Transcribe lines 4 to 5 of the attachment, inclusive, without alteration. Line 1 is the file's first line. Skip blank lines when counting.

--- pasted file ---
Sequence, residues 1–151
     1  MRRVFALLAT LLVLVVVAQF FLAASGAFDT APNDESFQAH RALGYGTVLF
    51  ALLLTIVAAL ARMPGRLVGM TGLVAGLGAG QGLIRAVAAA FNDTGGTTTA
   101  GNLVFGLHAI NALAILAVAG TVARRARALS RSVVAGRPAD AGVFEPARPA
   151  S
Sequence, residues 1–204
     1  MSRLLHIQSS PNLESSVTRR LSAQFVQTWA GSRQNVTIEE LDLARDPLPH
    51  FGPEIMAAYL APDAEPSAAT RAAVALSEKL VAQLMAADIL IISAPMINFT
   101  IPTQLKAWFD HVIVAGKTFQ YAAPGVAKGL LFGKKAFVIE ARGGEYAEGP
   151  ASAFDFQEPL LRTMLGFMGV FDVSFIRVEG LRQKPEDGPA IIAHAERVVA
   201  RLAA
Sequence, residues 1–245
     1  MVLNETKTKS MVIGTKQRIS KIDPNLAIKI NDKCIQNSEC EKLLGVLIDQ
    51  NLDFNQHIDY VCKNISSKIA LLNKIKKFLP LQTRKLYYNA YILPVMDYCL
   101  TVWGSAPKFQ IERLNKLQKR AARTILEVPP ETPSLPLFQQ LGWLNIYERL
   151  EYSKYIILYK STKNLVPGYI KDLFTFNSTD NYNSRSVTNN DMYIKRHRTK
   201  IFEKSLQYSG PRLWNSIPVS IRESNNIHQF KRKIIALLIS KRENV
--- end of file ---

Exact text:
   101  GNLVFGLHAI NALAILAVAG TVARRARALS RSVVAGRPAD AGVFEPARPA
   151  S